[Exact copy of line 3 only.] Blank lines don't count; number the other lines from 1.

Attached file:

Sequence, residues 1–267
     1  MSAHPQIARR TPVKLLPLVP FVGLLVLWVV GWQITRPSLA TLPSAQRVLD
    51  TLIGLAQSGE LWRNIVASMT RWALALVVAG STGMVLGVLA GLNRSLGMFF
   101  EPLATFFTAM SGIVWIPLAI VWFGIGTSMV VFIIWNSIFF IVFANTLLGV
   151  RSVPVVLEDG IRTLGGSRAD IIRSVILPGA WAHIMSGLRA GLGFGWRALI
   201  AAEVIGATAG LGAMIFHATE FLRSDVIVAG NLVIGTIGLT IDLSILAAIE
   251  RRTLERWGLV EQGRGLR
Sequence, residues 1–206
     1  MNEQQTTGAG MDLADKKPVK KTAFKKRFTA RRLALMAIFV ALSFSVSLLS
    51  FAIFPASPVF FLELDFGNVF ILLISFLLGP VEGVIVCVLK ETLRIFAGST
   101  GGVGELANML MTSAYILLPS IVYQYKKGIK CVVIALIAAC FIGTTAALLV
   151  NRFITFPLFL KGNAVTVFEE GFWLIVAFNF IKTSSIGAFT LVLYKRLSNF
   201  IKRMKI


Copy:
    51  TLIGLAQSGE LWRNIVASMT RWALALVVAG STGMVLGVLA GLNRSLGMFF